Core Training for Runners

Core Training for Runners

Running is nothing else but a pair of legs, the heart, and the lungs. Or is it?


      Rectus abdominis
      Transverse abdominis (known as TA)
      Pelvic floor (pubococcygeus, ileococcygeuys, coccygeus, and puborectalis)
      Spinal erectors
      Internal and external obliques
      Quadratus lomborum (also known as QL)

Although having a good pair of legs, healthy heart, and strong lungs is necessary for good running, there is one (at least) more part we need to address to make us good runners.
Whether you want to be a faster, better, healthier, or all of the above, runner, you need to have a strong core. In recent history, there have been many articles, books, videos, debates, and opinions on how to train your core, and what is the best way to do so. Some of the methods are more appropriate than others, depending on what your specific goal is, but one sure thing is that there are a lot of runners out there who train their core and are, in my opinion, doing it incorrectly.
In order to understand how to train the core we first need to understand what the core is. To most people, having a strong core does not go beyond anything else but having a visible six pack; but, that could not be further from the truth. Knowing your core’s anatomy is just one piece of the puzzle on how to train it right. In order to train the core effectively we need to know the true function of these muscles that your core is made of. And that is a part where many of us make major mistakes.
For the longest time, people have been training their core (and arguably every other muscle) based on what your muscles CAN do. Instead we should train our muscles based on what they are DESIGNED to do.
Think of it this way: you could cut bread with your scissors, but a bread knife makes it easier/better. You could also cut paper with your bread knife but … Get the picture? Just because you CAN it does not mean it the BEST way. Now I want you to think as a runner, before you answer this question: While running, do you want your midsection/core to flex, extend, rotate, and/or side bend? If you answered YES, then think again, or better, watch a video on good running form, and answer again.
If you answered NO, then why would you want to train your midsection/core by flexing, extending, rotating, and side bending? Just because you CAN it does not mean you SHOULD.
While you are running (and not just running), your core muscles are DESIGNED to:
1. STABILIZE your spine and
2. TRANSFER forces between moving parts (your legs and arms).
Just because your six pack CAN flex your torso/spine, it does not mean it is there to do that. It is there to PREVENT extension of your torso/spine. Just because your obliques CAN rotate your torso/spine, their function is to PREVENT rotation and torso/spine extension. Just because your QL CAN side bend, it does not mean you should grab a dumbbell and start side bending like that guy in the gym who has good-looking abs. An don and on we go.
Those are PRIMARY functions of your core. Now that we know this, we can design an appropriate, running-specific core training program.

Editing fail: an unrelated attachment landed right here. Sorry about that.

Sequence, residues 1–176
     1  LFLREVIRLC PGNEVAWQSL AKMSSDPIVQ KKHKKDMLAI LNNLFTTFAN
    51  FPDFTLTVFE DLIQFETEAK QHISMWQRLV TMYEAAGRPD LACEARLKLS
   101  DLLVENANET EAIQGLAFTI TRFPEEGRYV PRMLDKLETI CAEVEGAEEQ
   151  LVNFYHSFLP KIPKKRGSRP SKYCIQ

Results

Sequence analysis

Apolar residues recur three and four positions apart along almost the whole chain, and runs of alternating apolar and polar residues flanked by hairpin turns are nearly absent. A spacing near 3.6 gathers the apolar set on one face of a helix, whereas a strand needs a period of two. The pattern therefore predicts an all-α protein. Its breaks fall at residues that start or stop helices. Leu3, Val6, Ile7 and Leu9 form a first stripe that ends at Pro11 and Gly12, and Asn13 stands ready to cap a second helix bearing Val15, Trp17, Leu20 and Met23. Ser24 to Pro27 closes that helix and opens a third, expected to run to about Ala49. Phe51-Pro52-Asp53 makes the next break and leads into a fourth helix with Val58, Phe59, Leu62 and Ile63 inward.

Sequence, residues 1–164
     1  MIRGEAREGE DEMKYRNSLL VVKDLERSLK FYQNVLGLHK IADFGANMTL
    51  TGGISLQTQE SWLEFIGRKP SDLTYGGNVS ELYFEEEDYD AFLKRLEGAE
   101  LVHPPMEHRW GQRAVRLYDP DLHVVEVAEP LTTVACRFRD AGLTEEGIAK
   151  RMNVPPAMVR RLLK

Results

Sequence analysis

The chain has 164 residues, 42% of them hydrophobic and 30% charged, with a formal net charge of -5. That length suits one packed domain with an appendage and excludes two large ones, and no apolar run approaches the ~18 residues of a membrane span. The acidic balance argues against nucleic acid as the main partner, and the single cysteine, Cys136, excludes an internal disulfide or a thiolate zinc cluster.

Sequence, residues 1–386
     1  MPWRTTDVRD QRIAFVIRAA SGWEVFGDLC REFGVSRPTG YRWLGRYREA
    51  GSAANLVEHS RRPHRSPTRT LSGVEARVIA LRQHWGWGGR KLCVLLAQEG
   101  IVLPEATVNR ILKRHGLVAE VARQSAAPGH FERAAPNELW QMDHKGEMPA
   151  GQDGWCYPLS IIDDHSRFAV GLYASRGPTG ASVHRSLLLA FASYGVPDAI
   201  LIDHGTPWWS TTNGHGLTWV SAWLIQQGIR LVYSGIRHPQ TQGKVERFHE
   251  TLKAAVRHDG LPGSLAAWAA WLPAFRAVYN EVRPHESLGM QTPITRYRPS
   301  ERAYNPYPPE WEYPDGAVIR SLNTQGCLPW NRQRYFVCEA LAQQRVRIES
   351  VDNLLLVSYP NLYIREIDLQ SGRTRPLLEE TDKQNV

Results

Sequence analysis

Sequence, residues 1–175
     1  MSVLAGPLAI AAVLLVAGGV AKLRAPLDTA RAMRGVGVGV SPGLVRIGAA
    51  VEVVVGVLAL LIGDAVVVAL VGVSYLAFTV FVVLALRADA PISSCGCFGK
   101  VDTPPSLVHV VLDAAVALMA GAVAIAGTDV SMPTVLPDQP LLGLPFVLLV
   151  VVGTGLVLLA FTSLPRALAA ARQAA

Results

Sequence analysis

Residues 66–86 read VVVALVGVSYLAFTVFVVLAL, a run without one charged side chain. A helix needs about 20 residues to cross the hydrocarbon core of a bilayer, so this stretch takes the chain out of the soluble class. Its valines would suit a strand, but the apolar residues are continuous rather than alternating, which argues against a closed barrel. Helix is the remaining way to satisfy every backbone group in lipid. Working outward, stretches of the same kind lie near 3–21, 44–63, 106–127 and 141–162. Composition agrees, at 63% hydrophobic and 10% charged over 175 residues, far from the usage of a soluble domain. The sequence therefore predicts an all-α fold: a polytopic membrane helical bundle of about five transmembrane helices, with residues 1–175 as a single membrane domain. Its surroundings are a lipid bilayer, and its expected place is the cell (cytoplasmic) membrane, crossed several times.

Enter the “Anti-Core” Training Program

Don’t let the name fool you. The program consists of exercises designed to PREVENT flexion, extension, rotation,side bending, and any combination of these exercises. It will challenge you like nothing Properly executed heavy dead lifts, front squats, and else out there and strengthen your core… well, to the core.
Properly executed heavy dead lifts, front squats, and other front-loaded exercises are also known (in my book) as“anti-flexion” exercises. Just make sure that the load is appropriate.
Many runners use too light of a load (out of fear of“bulking up”) so they do not engage any core muscles while doing these exercises.
Exercises such as 4, 3, and 2-point plank, roll-out, and pushups are “anti-extension” exercises.
In order to prevent too much rotation while running, we should be doing variations of Pallof presses (standing, kneeling,“lunging”), single arm pulls/pushes using bands and cables. Allthese exercises are also known as “anti-rotation” exercises.Side planks, single arm/leg (lunge with overhead press,for example) and off-center loaded-type exercises, such assuitcase carry, waiter’s carry or lunge with weight in one hand,will strengthen muscles which prevent lateral/side bending.
Yes, that would be your QL.
Those are just few examples of exercises you should be doing to strengthen your core in order to be a better, faster,and less injured runner.
STOP flexing, extending, rotating, bending, and doing combinatiosn of any two or three of these movements if running performance is your goal.
And yes… don’t forget, you still need to work on the legs,heart, and lungs too.

Jasmin Lepir has over 17 years of experience in the fitness industry and is a Certified Strength and Conditional Specialist with the National Strength and Conditioning Association (NSCA-CSCS) and a VDOTO2 Distance Running Coach. He is the owner of the Philadelphia Endurance Enhancement Project, LLC and is currently conducting personal training sessions at the Spark Fitness, LLC as well as the Philmont Country Club.

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